Johnny Gosch remains missing to this day, and his disappearance has had a lasting impact on the nation. According to The Des Moines Register, the Johnny Gosch case changed the way missing children cases were reported and investigated. Feeling like they were forced to take matters into their own hands, Noreen and John pushed for changes in the way law enforcement dealt with kidnappings. And it made a huge difference: At the time Johnny went missing only about 66% of children who were kidnapped were found and returned. In 2017, the National Center for Missing and Exploited Children said that had risen to around 98%. Vice president Robert Lowery explained: "What happened with Johnny Gosch is what opened the doors for the National Center for Missing and Exploited Children."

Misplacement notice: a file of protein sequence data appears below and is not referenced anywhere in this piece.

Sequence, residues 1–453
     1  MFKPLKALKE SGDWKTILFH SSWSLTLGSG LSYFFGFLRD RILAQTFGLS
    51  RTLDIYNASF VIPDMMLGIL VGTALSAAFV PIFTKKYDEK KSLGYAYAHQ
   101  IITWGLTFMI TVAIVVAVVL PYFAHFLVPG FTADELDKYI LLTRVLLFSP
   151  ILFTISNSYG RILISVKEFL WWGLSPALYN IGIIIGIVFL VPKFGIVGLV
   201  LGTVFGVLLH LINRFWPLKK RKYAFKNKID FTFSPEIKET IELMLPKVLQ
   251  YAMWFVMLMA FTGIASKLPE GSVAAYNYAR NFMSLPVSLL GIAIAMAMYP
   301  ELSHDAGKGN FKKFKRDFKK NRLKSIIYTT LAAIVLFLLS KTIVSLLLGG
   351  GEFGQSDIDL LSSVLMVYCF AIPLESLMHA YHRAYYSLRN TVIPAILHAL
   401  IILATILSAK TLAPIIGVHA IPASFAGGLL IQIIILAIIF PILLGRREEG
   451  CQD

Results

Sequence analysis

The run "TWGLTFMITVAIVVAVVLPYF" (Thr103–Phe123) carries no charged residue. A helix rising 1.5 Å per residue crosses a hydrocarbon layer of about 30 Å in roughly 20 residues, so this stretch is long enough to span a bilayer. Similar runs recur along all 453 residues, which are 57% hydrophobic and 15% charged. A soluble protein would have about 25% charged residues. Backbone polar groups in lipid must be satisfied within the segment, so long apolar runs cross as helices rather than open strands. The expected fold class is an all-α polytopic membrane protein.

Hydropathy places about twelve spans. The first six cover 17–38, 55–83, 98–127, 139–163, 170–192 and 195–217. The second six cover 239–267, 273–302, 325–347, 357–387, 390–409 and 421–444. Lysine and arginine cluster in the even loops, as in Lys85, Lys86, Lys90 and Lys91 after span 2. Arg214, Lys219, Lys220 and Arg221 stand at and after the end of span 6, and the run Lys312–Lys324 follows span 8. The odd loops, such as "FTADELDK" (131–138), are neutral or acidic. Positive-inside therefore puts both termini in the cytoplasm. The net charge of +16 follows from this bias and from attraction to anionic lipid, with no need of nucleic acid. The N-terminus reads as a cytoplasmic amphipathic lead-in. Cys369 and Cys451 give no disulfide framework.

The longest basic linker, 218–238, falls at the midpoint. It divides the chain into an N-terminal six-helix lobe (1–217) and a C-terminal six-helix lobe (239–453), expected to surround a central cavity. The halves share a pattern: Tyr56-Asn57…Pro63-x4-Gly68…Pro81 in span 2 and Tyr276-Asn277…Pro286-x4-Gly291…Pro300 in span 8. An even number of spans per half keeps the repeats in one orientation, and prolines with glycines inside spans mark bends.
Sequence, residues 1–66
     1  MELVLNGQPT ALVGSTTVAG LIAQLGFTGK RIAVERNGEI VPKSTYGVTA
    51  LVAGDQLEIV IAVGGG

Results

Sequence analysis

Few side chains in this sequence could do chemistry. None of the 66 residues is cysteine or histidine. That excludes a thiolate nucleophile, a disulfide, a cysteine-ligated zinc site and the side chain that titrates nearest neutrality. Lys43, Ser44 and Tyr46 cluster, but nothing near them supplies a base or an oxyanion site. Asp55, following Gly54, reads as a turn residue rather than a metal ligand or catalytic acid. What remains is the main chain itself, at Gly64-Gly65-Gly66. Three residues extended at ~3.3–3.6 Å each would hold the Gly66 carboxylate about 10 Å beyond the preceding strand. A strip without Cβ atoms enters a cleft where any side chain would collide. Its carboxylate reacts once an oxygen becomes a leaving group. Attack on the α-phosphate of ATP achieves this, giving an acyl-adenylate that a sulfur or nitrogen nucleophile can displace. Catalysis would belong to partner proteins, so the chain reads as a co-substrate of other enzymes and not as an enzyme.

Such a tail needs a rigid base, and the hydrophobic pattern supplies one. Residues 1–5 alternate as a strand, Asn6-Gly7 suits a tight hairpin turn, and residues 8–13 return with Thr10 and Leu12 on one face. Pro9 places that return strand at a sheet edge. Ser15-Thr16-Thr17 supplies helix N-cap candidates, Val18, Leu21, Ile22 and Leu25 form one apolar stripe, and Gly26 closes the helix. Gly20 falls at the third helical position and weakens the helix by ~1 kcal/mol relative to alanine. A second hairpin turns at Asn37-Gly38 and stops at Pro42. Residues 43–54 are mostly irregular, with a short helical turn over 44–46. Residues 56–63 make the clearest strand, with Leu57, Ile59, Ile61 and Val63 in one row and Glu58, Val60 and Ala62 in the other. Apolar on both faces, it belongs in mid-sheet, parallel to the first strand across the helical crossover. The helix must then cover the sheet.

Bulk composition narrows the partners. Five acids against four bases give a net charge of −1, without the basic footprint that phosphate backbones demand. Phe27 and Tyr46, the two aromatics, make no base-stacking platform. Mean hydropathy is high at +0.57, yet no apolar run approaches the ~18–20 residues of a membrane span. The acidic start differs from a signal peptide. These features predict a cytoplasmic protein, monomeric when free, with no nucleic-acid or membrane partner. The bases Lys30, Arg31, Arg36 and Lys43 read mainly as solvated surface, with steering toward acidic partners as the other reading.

Noreen Gosch in particular has been seen as hugely controversial, especially in regard to her determination that her son of kidnapped into a child sex ring. She says, however: "You show me somebody who isn't a little controversial when it comes to making positive chances, and I'll show you someone who's never done a damn thing in their life."

Johnny Gosch's little red wagon still goes on display fairly regularly in Iowa, says Little Village. It was at the state fair in 2017, a reminder not only of the questions that still surround his disappearance, but as a reminder of all the lost, missing, abducted, and exploited children still in danger.